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Changes To Landlords Rights and Responsibilities

Landlords Rights and Responsibilities

Landlords Rights

There have been a number of significant changes to the Residential Tenancies Act and now that we’re 12 months in, I thought it would be a good time to revisit the ones we’ve had the most questions about from our clients.

The changes came quick and fast and as a landlord (will the first change is that you’re now referred to as a ‘Rental Provider’ not landlord) your rights and responsibilities have changed and understanding those changes will allow for a much easier tenancy for all parties.

So let’s start with changes to finding you a tenant (and there’s the second change – they’re now referred to as ‘Renters’):

When advertising a property, we as agents must specify a fixed price on the rental listing and cannot invite potential renters to submit ‘rental bids’ above the advertised price. Renters can choose to offer a higher rent, on their own accord.

The amount we can request as a bond for a 12 month lease has been capped to one months rent unless the property is over $900pw.


The legislation also introduced some minimum standards that each rental property must meet, these include:


  • Energy efficient shower heads with a minimum efficiency rating of 3 or above
  • A cooktop with two or more burners
  • There must be a functioning heater in the main living room with a minimum energy efficiency rating of 2
  • Curtains or blinds must be installed in any room which is likely to be used as a bedroom or living room
  • Renter safety was also a key agenda in the legislation, with Rental Providers now having to do regular safety compliance checks of the following:
  • Smoke Alarms were again included in the legislation and Rental Providers are responsible for fitting smoke alarms in their rental properties. The smoke alarms must be checked annually to ensure they’re in good working order and meet the most recent fire safety standards.
  • Rental Providers are now also responsible for conducting gas and electrical safety checks on all devices with their property every two years.

Tenants can request compliance certificates and they must be provided to them to avoid fines. Most of our clients have chosen to use Detector Inspector to conduct the annual smoke alarm checks and gas and electrical every second year.

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The legislation also increased the minimum amount Renters can pay to have urgent maintenance attended to. Renters can pay up to $2500 for an urgent repair and be reimbursed by the Rental Provider if they had reasonable attempts to contact the rental provider or agent and did not receive a response in a reasonable timeframe.

Urgent Maintenance is defined as the following:

  • Burst hot water service
  • Blocked or broken toilet
  • Major roof leak
  • Gas leak
  • Major electrical fault
  • Flooding or flood damage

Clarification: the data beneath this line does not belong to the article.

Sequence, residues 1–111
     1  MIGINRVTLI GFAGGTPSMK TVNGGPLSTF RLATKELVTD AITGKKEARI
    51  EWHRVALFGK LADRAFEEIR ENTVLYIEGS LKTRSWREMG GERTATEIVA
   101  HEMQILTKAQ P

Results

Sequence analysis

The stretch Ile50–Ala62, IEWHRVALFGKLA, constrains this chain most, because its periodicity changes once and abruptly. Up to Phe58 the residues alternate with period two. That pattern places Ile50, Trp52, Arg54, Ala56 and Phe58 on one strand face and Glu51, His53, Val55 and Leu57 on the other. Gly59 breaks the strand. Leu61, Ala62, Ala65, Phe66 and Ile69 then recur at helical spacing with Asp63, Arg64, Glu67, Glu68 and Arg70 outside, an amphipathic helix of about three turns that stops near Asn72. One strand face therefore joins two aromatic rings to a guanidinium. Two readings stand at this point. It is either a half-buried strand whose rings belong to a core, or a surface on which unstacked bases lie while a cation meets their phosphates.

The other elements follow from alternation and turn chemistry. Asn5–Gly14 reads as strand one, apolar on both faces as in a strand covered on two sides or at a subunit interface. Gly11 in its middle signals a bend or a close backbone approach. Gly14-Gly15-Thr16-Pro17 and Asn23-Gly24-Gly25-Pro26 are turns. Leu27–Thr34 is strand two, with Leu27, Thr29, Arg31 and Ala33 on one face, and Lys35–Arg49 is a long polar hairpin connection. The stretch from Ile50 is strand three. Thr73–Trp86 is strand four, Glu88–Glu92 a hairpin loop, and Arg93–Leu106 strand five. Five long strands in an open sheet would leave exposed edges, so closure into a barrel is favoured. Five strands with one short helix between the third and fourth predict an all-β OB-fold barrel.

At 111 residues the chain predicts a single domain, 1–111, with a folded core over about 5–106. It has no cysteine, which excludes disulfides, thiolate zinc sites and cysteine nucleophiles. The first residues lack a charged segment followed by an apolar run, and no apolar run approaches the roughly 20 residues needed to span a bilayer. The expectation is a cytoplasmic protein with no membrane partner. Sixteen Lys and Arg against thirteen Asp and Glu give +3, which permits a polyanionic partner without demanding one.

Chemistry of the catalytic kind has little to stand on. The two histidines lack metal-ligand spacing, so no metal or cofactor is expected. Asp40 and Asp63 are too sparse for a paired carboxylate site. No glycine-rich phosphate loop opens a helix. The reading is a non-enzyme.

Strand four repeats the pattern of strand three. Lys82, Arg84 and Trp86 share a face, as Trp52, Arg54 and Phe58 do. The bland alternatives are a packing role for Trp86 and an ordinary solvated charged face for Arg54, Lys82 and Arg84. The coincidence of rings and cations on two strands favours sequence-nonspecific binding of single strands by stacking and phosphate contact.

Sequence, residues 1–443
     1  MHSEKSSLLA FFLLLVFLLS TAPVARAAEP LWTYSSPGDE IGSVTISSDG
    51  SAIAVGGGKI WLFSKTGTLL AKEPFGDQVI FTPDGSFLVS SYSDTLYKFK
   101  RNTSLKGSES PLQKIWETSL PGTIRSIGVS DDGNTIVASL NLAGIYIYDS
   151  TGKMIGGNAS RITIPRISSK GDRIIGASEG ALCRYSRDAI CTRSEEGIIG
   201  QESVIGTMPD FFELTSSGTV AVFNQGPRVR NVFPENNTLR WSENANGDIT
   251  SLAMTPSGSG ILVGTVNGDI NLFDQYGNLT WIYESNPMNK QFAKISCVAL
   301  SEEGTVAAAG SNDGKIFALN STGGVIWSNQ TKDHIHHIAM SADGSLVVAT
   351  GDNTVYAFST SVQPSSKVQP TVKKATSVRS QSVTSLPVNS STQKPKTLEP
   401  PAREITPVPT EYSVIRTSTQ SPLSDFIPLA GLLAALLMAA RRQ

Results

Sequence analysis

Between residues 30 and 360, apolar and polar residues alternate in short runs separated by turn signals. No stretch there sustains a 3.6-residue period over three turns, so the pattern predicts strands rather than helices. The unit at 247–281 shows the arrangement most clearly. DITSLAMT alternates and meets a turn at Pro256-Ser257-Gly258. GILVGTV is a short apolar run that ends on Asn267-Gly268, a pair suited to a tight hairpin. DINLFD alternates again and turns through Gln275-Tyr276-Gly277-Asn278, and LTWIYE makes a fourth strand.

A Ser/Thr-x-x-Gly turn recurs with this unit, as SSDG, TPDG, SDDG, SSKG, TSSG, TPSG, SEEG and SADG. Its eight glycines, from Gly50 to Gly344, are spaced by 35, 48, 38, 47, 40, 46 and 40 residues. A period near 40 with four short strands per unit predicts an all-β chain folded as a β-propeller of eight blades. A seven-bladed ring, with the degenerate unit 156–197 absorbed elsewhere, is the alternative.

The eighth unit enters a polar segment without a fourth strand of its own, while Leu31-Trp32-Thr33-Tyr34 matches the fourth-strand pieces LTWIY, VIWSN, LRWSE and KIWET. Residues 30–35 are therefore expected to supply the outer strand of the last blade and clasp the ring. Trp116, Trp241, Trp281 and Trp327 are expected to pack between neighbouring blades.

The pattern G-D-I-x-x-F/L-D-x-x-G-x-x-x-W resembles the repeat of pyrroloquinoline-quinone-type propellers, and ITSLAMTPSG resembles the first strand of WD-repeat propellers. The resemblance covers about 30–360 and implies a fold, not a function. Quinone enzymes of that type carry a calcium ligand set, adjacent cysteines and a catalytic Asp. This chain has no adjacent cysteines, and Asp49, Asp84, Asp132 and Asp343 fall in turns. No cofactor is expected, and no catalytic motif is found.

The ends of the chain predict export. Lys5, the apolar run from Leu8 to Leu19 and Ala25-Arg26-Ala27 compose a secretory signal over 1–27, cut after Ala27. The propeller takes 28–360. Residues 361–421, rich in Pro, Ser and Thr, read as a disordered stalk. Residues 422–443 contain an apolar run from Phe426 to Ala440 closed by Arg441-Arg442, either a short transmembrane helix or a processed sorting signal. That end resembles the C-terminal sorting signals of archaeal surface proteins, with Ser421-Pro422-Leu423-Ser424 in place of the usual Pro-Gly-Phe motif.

• Failure or breakdown of any essential service or appliance provided by a rental provider for hot water, water, cooking, heating or laundry
  • Failure or breakdown of any gas, electricity or water supply
  • Any damage or fault which makes the premises immediately unsafe or unsecure
  • Serious fault in a lift or staircase

One of the more controversial changes was the ability for renters to make modifications to your property without seeking approval from the landlord. This includes installing picture hooks, wall mounting TV’s and installing certain security devices. Other changes like painting walls, changing blinds etc can also be done but require the owner to be notified. Any changes made to the property will need to be brought back to the condition the property was originally leased in.

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Renters also do have the right now to keep pets at the property with the owners approval and rental applications cannot be refused due to tenants having a pet. As the property owner, if you would like to refuse your tenants from having a pet, you must apply to VCAT and argue why it is unreasonable for the renters to have a pet in the property.

The way we can end a tenancy has also changed, the main change here was the removal of the 120-day notice to vacate for no reason – allowing a landlord to end a tenancy for reason other than them wanting too.

Under the new changes, once a tenant gets 14 days behind in their rent, a Notice to Vacate can be issued – however, if the rent is paid prior to a VCAT order being issued, the notice is no longer valid. This can occur four times in a 12 month period. If rent is 14 days late for a fifth time within 12 months, the rental provider can apply to VCAT for a possession order and have the tenant evicted.

The reasons for ending a tenancy and the timeframes have also changed as has the evidence requirements for submitting the notice to vacate. Any notice given for the owner moving back into the property, property being sold or renovations must come with proof.

More information can be found on the Consumer Affairs website.

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